Staying relevant to the world
Remarks by Finance Minister Heng Swee Keat at the launch of the CFE’s report.
We have done economic reviews before. At every phase of our development, we build on existing strengths, grow new capabilities, and move away from activities that are no longer viable. The Economic Review Committee (ERC) in 2003 and Economic Strategies Committee (ESC) in 2010 were convened after major crises.
But if you look at the CFE, it was not started because of some major crisis. Rather, it is our effort to position ourselves for the medium term. At the same time, we recognise that some sectors are facing difficulties right now. We will address some of these immediate issues during the Budget.
There are a couple of notable features about the CFE. First, the goal that we started with is to take a medium-term assessment of our challenges and opportunities. Secondly, there has been an unprecedented level of change. Last year, we saw the mood towards globalisation turning darker. The pace of change has also been hastened by technological breakthroughs. The effects of these changes on our people and companies will continue to play out for a long time. What do these changes mean for us?
The impact is both positive and negative. Changes in the global value chain, technological disruption, and anti-globalisation sentiments - these can have a negative impact on us. But we also see many positive developments - technological breakthroughs that can bring greater productivity and innovation, as well as the growth of the regional economies which offers many complementary opportunities for Singapore-based companies. What must we do to navigate these changes?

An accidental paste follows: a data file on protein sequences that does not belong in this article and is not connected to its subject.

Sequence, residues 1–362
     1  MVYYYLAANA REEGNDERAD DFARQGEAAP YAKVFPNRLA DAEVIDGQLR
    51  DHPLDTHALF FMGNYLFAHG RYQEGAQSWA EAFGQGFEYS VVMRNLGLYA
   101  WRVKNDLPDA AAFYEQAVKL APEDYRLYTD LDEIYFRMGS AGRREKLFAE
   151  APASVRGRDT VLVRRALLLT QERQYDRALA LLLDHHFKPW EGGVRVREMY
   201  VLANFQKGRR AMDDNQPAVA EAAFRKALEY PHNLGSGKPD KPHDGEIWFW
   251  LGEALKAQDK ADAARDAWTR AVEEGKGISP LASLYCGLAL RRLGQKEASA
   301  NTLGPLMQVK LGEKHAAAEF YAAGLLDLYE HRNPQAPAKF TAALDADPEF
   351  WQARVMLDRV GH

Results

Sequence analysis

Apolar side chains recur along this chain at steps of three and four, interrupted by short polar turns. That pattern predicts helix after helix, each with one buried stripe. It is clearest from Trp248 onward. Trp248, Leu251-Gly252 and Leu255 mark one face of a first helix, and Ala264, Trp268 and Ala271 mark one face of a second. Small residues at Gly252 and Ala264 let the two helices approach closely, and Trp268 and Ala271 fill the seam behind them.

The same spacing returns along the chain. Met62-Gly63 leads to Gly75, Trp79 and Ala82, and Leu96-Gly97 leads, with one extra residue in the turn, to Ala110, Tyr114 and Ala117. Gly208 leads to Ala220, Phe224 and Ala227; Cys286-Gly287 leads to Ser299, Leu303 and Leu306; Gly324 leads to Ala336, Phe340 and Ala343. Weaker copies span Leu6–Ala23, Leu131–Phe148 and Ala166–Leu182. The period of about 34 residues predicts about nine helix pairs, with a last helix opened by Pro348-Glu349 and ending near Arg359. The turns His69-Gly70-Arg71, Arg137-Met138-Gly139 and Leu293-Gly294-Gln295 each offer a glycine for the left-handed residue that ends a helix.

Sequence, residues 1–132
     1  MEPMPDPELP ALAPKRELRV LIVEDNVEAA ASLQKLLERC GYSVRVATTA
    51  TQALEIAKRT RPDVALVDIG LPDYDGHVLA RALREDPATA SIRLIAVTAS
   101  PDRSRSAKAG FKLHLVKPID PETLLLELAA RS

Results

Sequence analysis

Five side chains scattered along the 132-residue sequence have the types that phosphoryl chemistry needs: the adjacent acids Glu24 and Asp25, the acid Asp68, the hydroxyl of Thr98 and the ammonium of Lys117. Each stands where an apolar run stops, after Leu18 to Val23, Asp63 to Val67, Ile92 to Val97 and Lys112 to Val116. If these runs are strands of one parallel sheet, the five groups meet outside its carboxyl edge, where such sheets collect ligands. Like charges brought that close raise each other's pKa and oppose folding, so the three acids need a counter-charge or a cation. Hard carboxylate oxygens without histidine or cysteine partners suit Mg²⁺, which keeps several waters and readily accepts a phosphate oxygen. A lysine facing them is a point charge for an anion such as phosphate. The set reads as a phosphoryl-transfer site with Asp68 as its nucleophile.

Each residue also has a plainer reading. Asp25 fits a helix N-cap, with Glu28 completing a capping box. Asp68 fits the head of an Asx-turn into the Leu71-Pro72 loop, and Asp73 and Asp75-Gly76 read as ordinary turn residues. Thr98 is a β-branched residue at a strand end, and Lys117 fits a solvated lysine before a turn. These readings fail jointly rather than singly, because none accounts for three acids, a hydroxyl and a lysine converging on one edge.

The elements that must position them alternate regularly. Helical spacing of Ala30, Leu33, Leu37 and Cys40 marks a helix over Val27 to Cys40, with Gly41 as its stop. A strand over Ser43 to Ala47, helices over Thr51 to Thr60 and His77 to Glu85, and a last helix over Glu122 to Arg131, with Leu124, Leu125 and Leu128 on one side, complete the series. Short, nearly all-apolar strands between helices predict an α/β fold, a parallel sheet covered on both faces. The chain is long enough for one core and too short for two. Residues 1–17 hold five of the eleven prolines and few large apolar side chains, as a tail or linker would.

We recognise that our response this time will be different. What the CFE aims to do is to set out the direction and the broad strategy rather than a detailed blueprint. The complex and fast changing economic interactions means that we have to develop the agility and the adaptability to cope with change, to seize new opportunities and to remain relevant to the world.
Our strategies and recommendations revolve around keeping Singapore relevant to the world, and will help us to do three things: one, keep Singapore open and connected to the world; two, build deep and relevant capabilities; and three, work together in new ways.
Keep Singapore Open and Connected
Singapore must stay open and deepen our connections with our partners. We have to build on our strong trade and investment flows, while seeking out new opportunities to collaborate. The future economy will be increasingly driven by innovation flows and the exchange of ideas. We should find new ways to connect with international sources of innovation.
One example of this is the CFE’s recommendation to build a Global Innovation Alliance (GIA), which will build up an international network of young innovators, give them international exposure, and provide the necessary government and private sector support to help them create successful, innovative companies.
Build Deep and Relevant Capabilities
We must also deepen the skills and capabilities of our people and businesses. Being relevant in the future economy means being able to meet new needs as they emerge.